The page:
M. Richter, H.-J. Wilke, P. Kluger, S. Neller, L. Claes, W. Puhl

October 2000, Volume 9, Issue 5, pp 417 - 425 Original article Read Full Article 10.1007/s005860000173

First Online: 04 October 2000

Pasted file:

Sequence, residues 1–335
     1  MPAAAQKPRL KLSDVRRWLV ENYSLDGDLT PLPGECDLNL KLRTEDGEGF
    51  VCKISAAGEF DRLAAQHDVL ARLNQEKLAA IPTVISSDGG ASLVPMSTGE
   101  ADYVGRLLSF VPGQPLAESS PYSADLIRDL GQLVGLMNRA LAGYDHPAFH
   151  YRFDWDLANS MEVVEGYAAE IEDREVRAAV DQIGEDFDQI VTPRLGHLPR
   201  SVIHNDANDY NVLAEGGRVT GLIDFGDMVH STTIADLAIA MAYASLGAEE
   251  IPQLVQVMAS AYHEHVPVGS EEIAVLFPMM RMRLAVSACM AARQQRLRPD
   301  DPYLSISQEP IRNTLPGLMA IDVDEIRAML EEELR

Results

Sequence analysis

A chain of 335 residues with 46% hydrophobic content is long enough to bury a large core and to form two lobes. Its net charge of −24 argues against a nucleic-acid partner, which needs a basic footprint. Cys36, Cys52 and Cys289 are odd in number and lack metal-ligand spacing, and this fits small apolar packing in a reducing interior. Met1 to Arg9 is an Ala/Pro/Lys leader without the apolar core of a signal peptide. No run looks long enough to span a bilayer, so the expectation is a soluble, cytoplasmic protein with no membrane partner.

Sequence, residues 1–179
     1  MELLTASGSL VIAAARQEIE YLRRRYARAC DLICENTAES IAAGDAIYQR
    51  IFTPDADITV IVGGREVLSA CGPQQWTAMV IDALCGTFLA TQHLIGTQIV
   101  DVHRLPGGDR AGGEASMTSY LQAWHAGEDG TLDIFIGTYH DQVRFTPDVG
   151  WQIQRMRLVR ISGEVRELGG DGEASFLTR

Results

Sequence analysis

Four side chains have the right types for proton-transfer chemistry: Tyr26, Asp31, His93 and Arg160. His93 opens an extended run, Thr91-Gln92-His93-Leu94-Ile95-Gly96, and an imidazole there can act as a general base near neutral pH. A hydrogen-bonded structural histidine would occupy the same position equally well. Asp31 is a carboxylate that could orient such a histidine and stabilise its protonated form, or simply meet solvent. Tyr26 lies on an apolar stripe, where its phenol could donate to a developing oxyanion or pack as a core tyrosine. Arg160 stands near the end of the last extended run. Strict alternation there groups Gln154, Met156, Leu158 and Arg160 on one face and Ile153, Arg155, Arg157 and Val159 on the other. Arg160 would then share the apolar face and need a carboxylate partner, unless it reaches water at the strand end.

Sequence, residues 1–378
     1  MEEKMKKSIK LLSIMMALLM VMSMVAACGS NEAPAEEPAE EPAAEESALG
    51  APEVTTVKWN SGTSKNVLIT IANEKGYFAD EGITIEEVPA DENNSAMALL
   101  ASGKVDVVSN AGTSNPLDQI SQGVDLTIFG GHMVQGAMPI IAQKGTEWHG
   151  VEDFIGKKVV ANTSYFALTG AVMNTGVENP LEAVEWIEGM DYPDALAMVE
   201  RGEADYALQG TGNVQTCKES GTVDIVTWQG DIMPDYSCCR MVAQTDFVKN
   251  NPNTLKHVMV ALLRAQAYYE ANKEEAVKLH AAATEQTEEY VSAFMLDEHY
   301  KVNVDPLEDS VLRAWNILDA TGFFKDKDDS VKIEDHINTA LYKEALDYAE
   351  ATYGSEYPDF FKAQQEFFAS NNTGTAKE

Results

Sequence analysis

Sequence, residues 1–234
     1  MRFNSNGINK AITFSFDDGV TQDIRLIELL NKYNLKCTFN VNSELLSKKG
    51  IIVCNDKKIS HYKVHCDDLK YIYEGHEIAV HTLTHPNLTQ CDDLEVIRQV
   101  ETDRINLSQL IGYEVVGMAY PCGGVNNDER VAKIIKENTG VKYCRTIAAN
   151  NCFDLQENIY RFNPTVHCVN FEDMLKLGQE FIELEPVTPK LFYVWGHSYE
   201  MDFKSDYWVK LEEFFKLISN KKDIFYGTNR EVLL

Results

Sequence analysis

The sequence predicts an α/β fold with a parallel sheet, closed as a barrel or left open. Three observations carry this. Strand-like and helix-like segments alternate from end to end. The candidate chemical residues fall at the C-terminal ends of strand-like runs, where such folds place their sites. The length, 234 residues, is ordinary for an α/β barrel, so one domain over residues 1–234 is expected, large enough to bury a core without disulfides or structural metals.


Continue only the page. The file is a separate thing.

Posterior instrumentation of the occipito-cervical spine has become an established procedure in a variety of indications. The use of rod-screw systems improved posterior instrumentation as it allows optimal screw positioning adapted to the individual anatomic situation. However, there are still some drawbacks concerning the different implant designs. Therefore, a new modular rod-screw implant system has been developed to overcome some of the drawbacks of established systems. The aim of this study was to evaluate whether posterior internal fixation of the occipito-cervical spine with the new implant system improves primary biomechanical stability. Three different internal fixation systems were compared in this study: the CerviFix System, the Olerud Cervical Rod Spinal System and the newly developed Neon Occipito Cervical System. Eight human cervical spine C0/C5 specimens were instrumented from C0 to C4 with occipital fixation, transarticular screws in C1/C2 and lateral mass or pedicle screws in C3 and C4. The specimens were tested in flexion/extension, axial rotation, and lateral bending using pure moments of ± 2.5 Nm without axial preload. After testing the intact spine, the different instrumentations were tested after destabilising C0/C2 and C3/C4. Primary stability was significantly increased, in all load cases, with the new modular implant system compared to the other implant systems. Pedicle screw instrumentation tended to be more stable compared to lateral mass screws; nevertheless, significant differences were observed only for lateral bending. As the experimental design precluded any cyclic testing, the data represent only the primary stability of the implants. In summary, this study showed that posterior instrumentation of the cervical spine using the new Neon Occipito Cervical System improves primary biomechanical stability compared to the CerviFix System and the Olerud Cervical Rod Spinal System.

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